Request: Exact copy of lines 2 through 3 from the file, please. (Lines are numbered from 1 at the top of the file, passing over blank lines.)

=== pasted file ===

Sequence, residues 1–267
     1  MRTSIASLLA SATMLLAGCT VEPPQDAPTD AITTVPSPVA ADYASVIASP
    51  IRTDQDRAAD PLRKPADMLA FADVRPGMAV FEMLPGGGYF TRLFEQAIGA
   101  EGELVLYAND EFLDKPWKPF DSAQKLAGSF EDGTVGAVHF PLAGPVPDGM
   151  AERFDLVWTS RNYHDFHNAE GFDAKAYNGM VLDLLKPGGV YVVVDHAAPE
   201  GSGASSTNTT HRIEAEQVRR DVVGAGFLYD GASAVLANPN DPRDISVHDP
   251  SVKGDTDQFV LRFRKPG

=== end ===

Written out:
     1  MRTSIASLLA SATMLLAGCT VEPPQDAPTD AITTVPSPVA ADYASVIASP
    51  IRTDQDRAAD PLRKPADMLA FADVRPGMAV FEMLPGGGYF TRLFEQAIGA